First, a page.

Alcohol dependence and HCV: mechanisms of combined CNS injury

Project: Research project

Project Details


DESCRIPTION (provided by applicant): PROJECT SUMMARY One of the major consequences of chronic alcohol use in brain is increased inflammation that leads to neurodegeneration with associated cognitive and psychiatric impairments. Neuropsychiatric impairments persist in patients following substance abuse and are associated with poorer treatment outcomes. HCV is also associated with a variety of extrahepatic syndromes, including central nervous system (CNS) damage and neuropsychiatric impairments. However, it is unclear whether such cognitive and mood disturbances are a function of systemic disease, damaged hepatic function, or virus infection of the CNS. Animal models are needed to provide new insights into the molecular mechanisms and pathways affected by co-morbid alcohol dependence and chronic viral infection, and also those which are responsible for the persistence of neuropsychiatric impairments following abstinence and viral clearance. Our overall hypothesis is that HCV patients with co-morbid AUDs are at increased risk of brain damage that contributes to alcohol relapse risk. In humans and across species, our goal is to identify specific mechanisms by which chronic viral infection and alcohol induce abnormalities in immune cell function and contribute to persistent neuropsychiatric impairments. The following specific aims are proposed: 1) Determine the effects of HCV and alcohol use on peripheral T cell response and psychiatric function in veterans with co-morbid HCV and AUDs. Biological specimens and psychiatric data will be derived from those currently being collected for a treatment trial in veterans with HCV and co-morbid AUDs. We will obtain peripheral blood mononuclear cells and evaluate them across time for: i) phenotypic changes in T-cell populations, ii) surface and intracellular accumulation of cytokines, and iii) immunoreactivity to neuroantigens and other antigens. Blood samples will be used to measure key cytokines and chemokines, viral load, and liver enzymes. Rating scales that measure depression, anxiety, and alcohol consumption will also be used. Results from the immunoassays will be analyzed in relation to psychiatric measures, viral load, and alcohol use, as well as in relation to the findings from Aim 2. 2) Investigate the role of chronic alcohol exposure in regulating peripheral and central T-cell responses, CNS immunopathology, and behavioral signs of anxiety, depression, and cognitive impairments in mice infected with lymphocytic choriomeningitis virus (LCMV, clone 13 variant), an established model for HCV infections in humans. Mice will be chronically exposed to and dependent on ethanol administered intragastrically followed by intravenous injection of LCMV (or vehicle) to evaluate the consequences of co-morbidity. Behavioral tests will be conducted following ethanol exposure to assess anxiety, depressive-like behavior, and cognitive function. Blood, brain, and spleen samples will be collected to: i) measure blood ethanol concentrations, liver enzymes, viral titers, and key cytokines and chemokines, ii) evaluate T cell frequencies, including LCMV-specific CD8+ T cells (utilizing tetramer analysis; H-2Ld-restricted NP118), iii) calculate the percentage of CD4+, CD8+, and antigen-specific CD8+ T cells producing key cytokines (e.g., TNF- ), iv) evaluate immunoreactivity to neuroantigens, and v) assess neuroinflammation and neuronal degeneration. Examining the role of alcohol in regulating viral persistence and CNS immunopathology in LCMV-infected mice will lead to a more comprehensive understanding of co-morbid AUDs and HCV and may identify targets for future therapeutic development. If our hypotheses are supported, future studies will test our immunotherapeutic strategy that we have found reduces neuroinflammation and improves cognitive function in mouse models of methamphetamine dependence. Interventions that successfully treat alcohol induced neuropsychiatric impairments have a high likelihood of also reducing relapse rates and improving treatment outcomes.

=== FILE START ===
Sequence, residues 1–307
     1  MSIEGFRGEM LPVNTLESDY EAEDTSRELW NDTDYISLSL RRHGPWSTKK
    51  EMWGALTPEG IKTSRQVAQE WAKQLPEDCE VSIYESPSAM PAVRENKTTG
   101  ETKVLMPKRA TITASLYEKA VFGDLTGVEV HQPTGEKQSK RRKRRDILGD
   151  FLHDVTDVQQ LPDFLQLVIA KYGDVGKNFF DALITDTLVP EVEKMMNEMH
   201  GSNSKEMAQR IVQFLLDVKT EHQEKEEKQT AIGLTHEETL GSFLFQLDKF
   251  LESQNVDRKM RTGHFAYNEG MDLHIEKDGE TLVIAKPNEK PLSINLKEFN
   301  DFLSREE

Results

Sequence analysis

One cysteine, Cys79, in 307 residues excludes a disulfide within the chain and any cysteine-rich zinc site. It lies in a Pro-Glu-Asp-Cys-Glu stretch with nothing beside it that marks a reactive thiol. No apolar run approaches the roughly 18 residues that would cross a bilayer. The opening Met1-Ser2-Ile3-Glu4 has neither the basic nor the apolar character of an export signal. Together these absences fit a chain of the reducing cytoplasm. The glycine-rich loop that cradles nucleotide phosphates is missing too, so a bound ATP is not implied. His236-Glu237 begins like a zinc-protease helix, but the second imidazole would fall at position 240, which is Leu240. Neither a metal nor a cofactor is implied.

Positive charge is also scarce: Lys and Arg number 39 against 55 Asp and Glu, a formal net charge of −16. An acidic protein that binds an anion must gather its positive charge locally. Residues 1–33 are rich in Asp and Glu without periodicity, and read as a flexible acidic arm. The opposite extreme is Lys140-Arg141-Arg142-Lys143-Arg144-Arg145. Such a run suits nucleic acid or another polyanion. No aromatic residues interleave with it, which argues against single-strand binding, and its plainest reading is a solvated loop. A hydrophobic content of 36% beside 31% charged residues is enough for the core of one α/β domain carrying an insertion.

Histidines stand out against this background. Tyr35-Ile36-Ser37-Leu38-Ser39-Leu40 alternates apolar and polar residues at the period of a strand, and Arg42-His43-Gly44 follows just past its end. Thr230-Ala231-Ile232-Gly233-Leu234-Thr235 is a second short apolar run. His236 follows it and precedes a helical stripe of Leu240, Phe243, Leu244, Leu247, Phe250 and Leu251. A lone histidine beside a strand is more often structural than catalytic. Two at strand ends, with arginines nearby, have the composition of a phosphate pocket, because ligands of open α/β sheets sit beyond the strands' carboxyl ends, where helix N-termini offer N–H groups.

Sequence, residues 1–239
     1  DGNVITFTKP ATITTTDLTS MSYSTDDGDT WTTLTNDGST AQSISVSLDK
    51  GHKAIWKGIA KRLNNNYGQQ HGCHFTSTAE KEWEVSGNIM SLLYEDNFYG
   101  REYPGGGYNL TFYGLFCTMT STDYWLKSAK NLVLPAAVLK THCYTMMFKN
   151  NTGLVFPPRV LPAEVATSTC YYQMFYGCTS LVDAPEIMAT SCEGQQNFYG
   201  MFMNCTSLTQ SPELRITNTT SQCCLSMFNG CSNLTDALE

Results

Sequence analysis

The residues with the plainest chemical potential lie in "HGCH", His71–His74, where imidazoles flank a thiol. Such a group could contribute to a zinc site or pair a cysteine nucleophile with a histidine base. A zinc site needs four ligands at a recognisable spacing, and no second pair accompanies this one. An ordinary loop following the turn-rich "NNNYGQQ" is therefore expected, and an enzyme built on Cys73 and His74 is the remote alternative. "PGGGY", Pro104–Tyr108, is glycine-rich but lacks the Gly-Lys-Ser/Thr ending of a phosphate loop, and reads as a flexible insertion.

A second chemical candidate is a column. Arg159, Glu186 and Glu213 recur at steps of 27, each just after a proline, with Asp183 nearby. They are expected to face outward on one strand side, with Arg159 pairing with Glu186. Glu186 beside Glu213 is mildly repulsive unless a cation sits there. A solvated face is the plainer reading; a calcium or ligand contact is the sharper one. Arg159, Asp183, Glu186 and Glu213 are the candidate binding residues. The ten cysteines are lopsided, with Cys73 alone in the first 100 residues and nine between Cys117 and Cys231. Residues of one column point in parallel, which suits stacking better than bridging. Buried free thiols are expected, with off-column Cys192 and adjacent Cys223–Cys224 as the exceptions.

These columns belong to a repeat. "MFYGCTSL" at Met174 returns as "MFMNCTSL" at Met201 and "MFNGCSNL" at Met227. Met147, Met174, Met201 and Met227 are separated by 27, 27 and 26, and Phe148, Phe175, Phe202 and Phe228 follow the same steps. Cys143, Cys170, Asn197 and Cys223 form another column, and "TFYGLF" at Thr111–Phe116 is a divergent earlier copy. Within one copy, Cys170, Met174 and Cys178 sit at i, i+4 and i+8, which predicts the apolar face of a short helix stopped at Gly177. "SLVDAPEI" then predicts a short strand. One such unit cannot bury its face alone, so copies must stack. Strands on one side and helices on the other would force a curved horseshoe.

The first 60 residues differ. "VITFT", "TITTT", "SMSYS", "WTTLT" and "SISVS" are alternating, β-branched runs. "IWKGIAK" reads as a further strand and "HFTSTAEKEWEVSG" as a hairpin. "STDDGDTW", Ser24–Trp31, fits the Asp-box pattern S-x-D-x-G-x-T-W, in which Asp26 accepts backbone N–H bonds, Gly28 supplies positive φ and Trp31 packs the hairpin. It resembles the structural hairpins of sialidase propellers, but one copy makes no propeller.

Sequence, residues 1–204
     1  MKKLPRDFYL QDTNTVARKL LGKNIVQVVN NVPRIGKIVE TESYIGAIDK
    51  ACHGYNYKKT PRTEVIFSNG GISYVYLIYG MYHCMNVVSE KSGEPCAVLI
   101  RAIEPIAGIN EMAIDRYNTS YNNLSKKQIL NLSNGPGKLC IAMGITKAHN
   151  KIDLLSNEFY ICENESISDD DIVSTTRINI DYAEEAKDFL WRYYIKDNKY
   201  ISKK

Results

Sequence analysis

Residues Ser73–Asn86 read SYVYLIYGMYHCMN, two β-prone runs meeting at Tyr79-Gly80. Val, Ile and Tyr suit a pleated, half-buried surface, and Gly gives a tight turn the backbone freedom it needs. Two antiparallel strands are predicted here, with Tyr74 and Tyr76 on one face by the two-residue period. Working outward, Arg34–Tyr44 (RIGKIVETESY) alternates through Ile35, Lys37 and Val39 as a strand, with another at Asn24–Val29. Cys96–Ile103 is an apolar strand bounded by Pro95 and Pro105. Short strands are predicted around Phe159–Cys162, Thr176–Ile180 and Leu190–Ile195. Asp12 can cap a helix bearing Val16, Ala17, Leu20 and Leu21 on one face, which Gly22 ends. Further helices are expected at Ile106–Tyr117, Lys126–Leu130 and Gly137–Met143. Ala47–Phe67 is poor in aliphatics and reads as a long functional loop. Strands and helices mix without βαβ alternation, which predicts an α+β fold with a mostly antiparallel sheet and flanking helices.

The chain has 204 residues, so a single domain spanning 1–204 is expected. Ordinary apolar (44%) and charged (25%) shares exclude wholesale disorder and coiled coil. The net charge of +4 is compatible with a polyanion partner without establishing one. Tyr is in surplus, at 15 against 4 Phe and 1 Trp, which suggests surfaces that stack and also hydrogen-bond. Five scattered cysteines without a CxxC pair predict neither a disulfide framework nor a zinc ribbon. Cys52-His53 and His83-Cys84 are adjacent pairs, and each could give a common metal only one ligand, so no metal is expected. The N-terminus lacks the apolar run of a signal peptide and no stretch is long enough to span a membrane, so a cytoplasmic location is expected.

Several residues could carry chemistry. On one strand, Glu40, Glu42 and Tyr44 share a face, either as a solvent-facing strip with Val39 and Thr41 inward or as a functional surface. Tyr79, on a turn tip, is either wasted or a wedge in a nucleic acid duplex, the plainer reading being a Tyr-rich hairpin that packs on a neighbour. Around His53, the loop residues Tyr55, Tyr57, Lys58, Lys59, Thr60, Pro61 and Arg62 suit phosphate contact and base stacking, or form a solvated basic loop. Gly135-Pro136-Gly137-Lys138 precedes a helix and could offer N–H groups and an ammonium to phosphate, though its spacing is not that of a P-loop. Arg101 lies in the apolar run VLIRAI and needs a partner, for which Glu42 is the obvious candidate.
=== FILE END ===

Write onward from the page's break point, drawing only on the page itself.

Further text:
Effective start/end date10/1/139/30/17


  • National Institutes of Health


  • Medicine(all)


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